Radio | Living the Country Life



From Alabama to Wyoming stations air the Living the Country Life radio program Monday - Friday.


To view a complete list of the stations airing our program and their website.

Editor-in-Chief Betsy Freese and Editor/Host Jodi Henke share tips from experts across the United States to help you around your acreage. If your favorite station doesn't carry the show, call them and ask for it!


Be on our show: We'd like to feature you on our radio show! Our weekly feature "Country View" highlights folks with the love of all things country.

Send us an email at and tell us all about you and your place in the country.


Subscribe to Latest Radio Shows

Our RSS "feed" includes full text, image, and audio.



Become an Affiliate: Living the Country Life is the largest rural radio network in the nation, and we have our station affiliates to thank for this! To find out if the program is available for your market, contact our Affiliates Relations Manager Karl Michael at 515-284-3306.


. . . . . . . . . . . . . . . . . . . . . . . . . . . . . . . . . . . . . . . . . . . . . . . . . . . . . . . . . . . . . . . . . . . . . . . . . . . .

12/19/16 | 10:05 AM
Spinning animal fiber into yarn is an age-old practice. Wool from sheep and alpacas, angora from rabbits, and cashmere from goats can provide clothing for your family or to sell to others. Kathleen Mower and her husband Kerry raise sheep near Stanley, New Mexico, and she is accomplished in fiber... listen now
12/19/16 | 9:53 AM
A man named John Sanborn had one of the most important farms in 18th century Loudon, New Hampshire. He had water rights to operate a grist mill and saw mill. In 1997, Colin and Paula Cabot bought the farm, which had everything still intact from the mid-19th century. Colin says he thinks one of... listen now
12/19/16 | 9:44 AM
When corn is expensive, many cattle producers are being pushed to feed more forages. However, bad growing conditions can also increase the cost of hay. Any waste in your feeding program is going to hit the bottom line. Rick Rasby is a beef cattle specialist at the University of Nebraska. He says... listen now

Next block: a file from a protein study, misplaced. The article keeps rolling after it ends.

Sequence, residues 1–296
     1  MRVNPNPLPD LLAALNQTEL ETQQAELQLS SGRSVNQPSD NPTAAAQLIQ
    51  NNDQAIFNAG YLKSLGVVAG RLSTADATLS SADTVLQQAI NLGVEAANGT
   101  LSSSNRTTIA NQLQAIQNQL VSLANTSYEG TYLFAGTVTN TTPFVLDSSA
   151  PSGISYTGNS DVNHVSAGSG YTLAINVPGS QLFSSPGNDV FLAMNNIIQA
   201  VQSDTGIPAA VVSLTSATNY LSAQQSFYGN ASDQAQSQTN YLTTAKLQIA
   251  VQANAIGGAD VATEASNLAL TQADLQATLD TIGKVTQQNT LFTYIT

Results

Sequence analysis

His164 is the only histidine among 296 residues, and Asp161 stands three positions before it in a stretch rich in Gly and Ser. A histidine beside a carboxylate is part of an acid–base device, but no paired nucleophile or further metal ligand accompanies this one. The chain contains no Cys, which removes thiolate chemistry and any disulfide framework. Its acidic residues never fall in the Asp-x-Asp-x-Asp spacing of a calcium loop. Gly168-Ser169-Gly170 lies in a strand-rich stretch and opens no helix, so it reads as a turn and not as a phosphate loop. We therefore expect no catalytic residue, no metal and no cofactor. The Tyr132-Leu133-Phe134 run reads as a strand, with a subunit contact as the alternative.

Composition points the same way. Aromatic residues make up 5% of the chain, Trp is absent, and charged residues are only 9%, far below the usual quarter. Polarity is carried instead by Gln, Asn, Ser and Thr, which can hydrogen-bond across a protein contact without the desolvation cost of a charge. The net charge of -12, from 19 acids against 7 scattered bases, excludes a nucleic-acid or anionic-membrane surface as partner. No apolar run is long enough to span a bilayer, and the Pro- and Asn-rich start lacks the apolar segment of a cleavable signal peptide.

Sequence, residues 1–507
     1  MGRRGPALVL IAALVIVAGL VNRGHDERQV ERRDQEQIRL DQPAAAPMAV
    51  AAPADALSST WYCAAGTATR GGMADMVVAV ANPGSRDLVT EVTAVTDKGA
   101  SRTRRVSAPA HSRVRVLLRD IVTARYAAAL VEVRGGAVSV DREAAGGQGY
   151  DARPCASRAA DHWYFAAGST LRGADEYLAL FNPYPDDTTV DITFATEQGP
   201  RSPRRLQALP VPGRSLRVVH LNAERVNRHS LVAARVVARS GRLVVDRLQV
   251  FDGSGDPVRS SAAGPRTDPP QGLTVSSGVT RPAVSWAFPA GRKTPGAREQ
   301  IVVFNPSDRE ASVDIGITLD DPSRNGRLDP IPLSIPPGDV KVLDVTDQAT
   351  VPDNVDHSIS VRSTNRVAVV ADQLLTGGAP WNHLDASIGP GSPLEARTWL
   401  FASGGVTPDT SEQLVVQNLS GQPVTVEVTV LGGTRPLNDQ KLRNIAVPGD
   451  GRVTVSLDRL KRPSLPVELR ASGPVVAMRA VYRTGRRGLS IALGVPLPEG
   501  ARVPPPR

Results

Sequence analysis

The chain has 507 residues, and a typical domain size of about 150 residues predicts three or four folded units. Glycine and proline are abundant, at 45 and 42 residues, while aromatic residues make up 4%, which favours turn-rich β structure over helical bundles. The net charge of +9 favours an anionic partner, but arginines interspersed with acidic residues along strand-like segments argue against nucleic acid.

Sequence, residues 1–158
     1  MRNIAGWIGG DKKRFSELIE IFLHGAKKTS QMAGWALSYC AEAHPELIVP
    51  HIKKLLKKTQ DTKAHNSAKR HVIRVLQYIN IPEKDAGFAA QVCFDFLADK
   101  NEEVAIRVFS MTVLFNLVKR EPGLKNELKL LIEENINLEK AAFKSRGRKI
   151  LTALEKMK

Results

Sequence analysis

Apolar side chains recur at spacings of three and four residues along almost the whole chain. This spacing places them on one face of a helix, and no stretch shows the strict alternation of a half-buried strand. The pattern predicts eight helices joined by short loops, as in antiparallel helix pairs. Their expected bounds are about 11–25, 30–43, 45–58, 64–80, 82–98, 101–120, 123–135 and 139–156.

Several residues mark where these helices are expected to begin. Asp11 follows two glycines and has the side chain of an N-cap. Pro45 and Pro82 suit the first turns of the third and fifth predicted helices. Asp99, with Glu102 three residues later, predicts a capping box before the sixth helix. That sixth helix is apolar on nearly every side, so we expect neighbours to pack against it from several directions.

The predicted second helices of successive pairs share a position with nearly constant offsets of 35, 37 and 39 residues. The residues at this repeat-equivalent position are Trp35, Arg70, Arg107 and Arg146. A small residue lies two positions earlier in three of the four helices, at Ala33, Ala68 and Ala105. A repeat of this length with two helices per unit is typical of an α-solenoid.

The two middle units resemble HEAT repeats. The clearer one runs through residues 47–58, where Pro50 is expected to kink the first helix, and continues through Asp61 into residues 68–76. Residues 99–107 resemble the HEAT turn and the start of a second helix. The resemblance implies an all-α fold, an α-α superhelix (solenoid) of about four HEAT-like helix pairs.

12/19/16 | 9:37 AM
A strawberry grower near me has his plants growing in long, raised beds covered with black plastic. The berries are large and stay clean because they don’t touch the soil. They’re grown with a method called plasticulture - which is the combination of two words – plastics and... listen now
12/19/16 | 9:29 AM
When all that’s left of the pasture is mud, livestock can quickly ruin it. And the mud is no picnic for them, either. When a pasture is bare from drought, muddy from too much rain, or you just need to give it a break from the animals, have a “sacrifice area” ready to go. This is a... listen now
12/19/16 | 9:21 AM
On a chilly winter day my cat likes to snuggle up in the recliner next to the fireplace. I keep telling her how lucky she is that she’s not an outside cat. Drew Hanzlicek is an associate professor of small animal internal medicine at Oklahoma State University. He says some people think if... listen now
12/12/16 | 10:20 AM
Grinding your own grain to make whole-wheat flour is playing a huge role in the artisanal bread movement around the country. Fresh-ground flour is beneficial over store-bought because it doesn't lose its nutritional value when used immediately, and the taste and texture of baked goods are... listen now
12/12/16 | 10:06 AM
The yard light has been a safety feature and welcoming beacon on the farm for decades. The purpose hasn’t changed, but the technology has. Scott Sanford is a distinguished outreach specialist at the University of Wisconsin. He says the old mercury vapor lights have been discontinued, so... listen now
12/12/16 | 9:54 AM
Specific boundary lines and other fencing issues can create rifts when your land encroaches on somebody else’s. Rusty Rumley is a senior staff attorney with the National Agricultural Law Center. He says anytime you can work out an agreement with the adjacent landowner, it’s much... listen now
12/12/16 | 9:19 AM
Randy and Pam Moore never dreamed that they could make a living on 105 acres, but they’re doing just that. The Wilmington, Ohio, couple live on the farm that has been in Randy’s family for generations. Instead of raising crops like his ancestors, Randy learned how to raise meat animals... listen now


Subscribe to Living the Country Life: Radio Shows